The exceptional scale of the fiscal response to the COVID-19 crisis makes sound fiscal reporting and transparency even more critical. Governments need to be able to accurately and reliably monitor the ever-changing fiscal position in a context of heightened uncertainty. They also need to preserve transparency and accountability on the massive fiscal measures adopted to tackle the pandemic, so as to enable economic actors to understand and access them, to ensure confidence that public monies are effectively and efficiently used, and to provide a sense of the medium- to long-term risks associated with the response. In particular, given the fiscal risks associated with off-budget measures, it is important to adopt and communicate upfront clear and transparent criteria to identify beneficiaries (Wendling et al., 2020). More frequent reporting may also be warranted when the crisis is most acute, so as to enable policymakers to track the effects of their policies and to allow for rapid changes if needed.

B. An Assessment of India’s Fiscal Reporting Practices

This section assesses India’s fiscal reporting practices across four dimensions. Fiscal reporting is the preparation and publication of summary information about the past and present state of a country’s public finances, in the shape of budget execution reports, fiscal statistics, or government financial statements (IMF, 2012). It is a key prerequisite for sound financial management, that should provide the most accurate understanding of the government’s fiscal position to markets, investors, citizens, and to the government itself. This paper will focus on four key dimensions of fiscal reporting practices:

  • (1) the institutional coverage of fiscal reports, which should be as wide as possible and avoid excluding significant parts of government activity from public scrutiny;

  • (2) the timeliness and frequency of fiscal reports, including in-year, so that they can usefully support fiscal planning and budgeting;

  • (3) the comprehensiveness of information about fiscal flows and stocks, which helps ensure a full understanding of the fiscal position and net worth of the government and provide a complete account of how public resources are used and committed over the medium-term;

  • (4) the ease of access to fiscal information for all.

To get a complete picture of India’s fiscal reporting practices, a Fiscal Transparency Evaluation (FTE) would be useful. Carried out at the request of governments, FTEs assess country practices against standards set in the IMF’s Fiscal Transparency Code (FTC, 2014, revised in 2019). Beyond the assessment of fiscal reporting practices, FTEs evaluate the contents of budget documents and the quality of fiscal forecasts, as well as fiscal risk management practices, and provide countries with an analysis of the sources of fiscal vulnerability across the public sector. In particular, FTE reports often include a public sector balance sheet and a measure of contingent liabilities and fiscal risks. 15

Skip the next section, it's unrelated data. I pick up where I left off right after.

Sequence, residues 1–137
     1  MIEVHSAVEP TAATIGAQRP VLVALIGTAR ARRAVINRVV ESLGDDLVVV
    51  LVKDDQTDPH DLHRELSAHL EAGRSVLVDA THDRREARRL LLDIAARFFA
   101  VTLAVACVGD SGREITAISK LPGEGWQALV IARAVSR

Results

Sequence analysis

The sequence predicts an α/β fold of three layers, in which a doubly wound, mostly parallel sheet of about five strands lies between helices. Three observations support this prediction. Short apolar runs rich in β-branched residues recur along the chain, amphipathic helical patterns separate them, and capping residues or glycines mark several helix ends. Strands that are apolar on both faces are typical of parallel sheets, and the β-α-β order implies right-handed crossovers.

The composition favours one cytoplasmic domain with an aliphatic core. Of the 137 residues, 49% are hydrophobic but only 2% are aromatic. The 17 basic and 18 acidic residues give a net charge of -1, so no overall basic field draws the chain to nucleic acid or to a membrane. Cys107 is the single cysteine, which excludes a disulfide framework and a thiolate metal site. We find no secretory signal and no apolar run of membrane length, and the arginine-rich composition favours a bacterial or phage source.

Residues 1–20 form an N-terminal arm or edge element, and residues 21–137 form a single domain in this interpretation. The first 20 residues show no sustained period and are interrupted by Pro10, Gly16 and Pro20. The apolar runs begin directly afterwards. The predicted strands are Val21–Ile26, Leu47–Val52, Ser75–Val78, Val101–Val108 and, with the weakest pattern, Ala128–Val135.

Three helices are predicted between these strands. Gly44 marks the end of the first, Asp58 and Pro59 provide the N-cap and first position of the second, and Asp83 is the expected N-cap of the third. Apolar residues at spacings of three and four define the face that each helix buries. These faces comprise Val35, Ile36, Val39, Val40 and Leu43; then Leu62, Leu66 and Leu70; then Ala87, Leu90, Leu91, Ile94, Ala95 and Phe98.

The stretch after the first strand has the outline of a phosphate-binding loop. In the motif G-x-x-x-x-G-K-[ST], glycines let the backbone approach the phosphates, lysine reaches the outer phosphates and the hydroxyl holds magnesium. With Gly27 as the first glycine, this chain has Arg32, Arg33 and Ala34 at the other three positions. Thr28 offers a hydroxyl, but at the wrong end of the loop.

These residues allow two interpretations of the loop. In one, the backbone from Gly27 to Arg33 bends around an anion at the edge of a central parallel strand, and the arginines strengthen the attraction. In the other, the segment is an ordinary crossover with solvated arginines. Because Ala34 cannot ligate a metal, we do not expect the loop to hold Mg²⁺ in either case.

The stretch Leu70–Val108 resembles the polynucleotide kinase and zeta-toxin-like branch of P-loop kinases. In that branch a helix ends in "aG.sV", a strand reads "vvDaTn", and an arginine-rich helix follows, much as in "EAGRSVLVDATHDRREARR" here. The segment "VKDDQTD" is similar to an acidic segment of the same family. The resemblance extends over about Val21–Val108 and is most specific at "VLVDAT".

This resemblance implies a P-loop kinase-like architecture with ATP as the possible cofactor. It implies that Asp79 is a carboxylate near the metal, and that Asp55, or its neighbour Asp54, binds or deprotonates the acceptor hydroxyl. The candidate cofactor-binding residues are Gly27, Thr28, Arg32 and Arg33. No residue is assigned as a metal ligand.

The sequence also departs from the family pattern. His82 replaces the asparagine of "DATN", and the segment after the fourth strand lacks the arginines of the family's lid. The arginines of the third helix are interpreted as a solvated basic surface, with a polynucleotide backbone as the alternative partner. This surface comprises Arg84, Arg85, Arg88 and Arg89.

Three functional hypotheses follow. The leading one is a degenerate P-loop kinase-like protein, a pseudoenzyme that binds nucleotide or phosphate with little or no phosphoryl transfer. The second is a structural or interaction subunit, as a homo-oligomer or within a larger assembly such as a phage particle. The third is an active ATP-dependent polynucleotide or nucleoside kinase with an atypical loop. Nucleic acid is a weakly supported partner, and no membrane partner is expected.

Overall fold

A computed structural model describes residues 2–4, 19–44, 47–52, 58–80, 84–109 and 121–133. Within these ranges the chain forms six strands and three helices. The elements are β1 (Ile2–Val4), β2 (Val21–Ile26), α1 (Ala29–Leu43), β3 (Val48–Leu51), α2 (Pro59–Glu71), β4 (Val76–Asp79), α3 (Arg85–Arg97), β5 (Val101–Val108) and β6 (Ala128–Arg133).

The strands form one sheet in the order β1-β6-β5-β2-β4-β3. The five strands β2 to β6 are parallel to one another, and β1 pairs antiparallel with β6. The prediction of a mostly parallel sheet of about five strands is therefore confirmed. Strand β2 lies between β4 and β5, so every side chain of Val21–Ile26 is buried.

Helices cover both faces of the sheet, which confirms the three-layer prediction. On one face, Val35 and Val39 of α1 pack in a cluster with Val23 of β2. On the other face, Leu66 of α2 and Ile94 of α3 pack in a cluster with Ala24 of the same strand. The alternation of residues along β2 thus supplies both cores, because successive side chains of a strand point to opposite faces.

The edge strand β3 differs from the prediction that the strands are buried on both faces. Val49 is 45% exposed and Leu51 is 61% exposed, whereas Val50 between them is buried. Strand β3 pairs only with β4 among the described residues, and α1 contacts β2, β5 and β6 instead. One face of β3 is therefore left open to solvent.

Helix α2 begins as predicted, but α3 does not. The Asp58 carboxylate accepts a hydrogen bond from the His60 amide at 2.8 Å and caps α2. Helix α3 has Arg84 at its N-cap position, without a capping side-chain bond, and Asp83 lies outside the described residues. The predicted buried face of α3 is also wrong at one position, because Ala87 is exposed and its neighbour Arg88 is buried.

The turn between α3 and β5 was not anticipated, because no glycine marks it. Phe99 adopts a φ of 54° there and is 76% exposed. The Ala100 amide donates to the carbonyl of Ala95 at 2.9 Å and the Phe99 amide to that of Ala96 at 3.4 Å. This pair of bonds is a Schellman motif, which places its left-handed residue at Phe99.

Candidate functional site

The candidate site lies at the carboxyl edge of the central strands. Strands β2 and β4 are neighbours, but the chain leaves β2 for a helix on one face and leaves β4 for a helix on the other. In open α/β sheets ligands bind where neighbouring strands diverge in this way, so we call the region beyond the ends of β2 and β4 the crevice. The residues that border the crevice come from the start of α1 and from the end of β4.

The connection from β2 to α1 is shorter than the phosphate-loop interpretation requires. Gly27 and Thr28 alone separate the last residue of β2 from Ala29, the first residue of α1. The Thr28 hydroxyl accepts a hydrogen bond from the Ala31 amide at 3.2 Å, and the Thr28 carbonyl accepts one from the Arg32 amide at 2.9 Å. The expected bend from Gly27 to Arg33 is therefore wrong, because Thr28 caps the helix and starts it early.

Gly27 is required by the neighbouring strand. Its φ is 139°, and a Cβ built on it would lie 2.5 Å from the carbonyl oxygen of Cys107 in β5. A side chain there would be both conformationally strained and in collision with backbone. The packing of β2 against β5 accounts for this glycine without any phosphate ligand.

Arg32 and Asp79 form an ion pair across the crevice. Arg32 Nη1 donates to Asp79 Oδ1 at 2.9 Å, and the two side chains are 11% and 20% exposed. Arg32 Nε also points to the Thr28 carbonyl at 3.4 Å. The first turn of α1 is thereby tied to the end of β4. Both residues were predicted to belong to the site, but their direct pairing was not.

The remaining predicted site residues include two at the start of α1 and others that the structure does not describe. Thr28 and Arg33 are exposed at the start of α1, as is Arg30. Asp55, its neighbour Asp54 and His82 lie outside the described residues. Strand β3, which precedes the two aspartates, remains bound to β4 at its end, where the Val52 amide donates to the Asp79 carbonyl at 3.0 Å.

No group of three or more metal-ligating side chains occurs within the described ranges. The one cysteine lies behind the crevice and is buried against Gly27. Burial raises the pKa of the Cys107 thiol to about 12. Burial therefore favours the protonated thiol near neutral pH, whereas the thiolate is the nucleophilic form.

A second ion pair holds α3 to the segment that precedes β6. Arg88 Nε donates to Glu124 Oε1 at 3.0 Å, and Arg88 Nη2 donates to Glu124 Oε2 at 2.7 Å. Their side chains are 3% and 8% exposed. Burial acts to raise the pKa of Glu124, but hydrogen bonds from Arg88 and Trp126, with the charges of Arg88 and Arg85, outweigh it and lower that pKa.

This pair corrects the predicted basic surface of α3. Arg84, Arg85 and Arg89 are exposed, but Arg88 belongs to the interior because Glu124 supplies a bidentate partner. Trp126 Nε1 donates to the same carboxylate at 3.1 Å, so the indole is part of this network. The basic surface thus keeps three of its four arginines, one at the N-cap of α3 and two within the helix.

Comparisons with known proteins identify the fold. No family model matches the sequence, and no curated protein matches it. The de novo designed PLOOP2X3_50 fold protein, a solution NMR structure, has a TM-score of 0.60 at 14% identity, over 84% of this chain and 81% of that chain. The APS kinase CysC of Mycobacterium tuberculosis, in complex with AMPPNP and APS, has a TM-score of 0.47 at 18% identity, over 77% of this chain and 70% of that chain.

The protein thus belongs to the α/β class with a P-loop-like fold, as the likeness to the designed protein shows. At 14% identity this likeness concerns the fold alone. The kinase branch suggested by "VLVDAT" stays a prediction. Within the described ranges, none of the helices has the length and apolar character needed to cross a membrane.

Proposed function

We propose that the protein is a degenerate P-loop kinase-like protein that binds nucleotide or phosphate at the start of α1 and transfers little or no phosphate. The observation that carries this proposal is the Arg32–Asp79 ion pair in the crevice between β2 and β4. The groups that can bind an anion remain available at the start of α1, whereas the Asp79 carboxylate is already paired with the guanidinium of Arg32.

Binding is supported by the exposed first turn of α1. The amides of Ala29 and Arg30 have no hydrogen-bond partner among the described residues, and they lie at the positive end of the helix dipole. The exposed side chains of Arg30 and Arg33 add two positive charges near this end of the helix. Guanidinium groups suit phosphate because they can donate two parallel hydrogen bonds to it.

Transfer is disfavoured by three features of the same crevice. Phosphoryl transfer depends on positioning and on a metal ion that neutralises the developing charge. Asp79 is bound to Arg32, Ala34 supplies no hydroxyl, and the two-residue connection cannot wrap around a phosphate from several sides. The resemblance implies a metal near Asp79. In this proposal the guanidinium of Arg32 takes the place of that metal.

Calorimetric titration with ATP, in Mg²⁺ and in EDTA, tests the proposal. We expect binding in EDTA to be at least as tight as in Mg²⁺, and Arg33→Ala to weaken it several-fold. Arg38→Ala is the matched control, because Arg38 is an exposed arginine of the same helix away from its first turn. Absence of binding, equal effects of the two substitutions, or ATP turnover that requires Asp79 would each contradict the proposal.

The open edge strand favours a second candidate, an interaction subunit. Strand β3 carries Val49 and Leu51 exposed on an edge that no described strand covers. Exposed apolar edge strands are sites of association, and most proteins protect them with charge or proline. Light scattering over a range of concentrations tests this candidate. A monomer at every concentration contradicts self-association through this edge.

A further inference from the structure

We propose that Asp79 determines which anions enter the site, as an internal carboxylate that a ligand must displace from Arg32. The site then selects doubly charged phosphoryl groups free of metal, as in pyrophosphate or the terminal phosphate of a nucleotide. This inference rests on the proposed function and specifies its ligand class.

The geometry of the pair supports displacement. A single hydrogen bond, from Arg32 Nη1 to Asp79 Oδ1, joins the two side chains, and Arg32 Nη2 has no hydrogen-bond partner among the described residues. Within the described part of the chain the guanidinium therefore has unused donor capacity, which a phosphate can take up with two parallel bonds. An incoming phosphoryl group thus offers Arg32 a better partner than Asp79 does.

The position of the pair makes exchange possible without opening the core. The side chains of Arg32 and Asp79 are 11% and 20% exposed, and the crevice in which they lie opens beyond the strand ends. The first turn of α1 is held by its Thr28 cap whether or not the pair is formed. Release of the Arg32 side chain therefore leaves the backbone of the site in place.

Institutional coverage

Substantial fiscal information is available on the major public sector units, but loopholes exist at lower tiers of government. Budget execution data for the Union government is compiled on a monthly basis by the Controller General of Accounts (CGA). Monthly execution data for state governments is also produced by states’ accountants general but not systematically made available to the public. Public debt statistics are compiled by the Reserve Bank of India (RBI) and quarterly reports are produced by the Ministry of Finance (MoF). The MoF’s annual Economic Survey and RBI’s annual report on state finances provide data and in-depth analyses of recent fiscal trends for both the Union and states. A Public Enterprises Survey is produced every year by the Ministry of Heavy Industries and Public Enterprises, providing a comprehensive account of the performance of central public sector enterprises. Yet, several subsectors are not reported on in a consolidated fashion. There is no available fiscal information on districts or on municipalities. Some states produce reports on state-level PSUs, but there is no repository that would compile all information together on these state enterprises. The recent assumption by the state governments of liabilities from the state electricity distribution companies highlights the need for enhanced oversight of state-level PSUs both by the Union and state governments.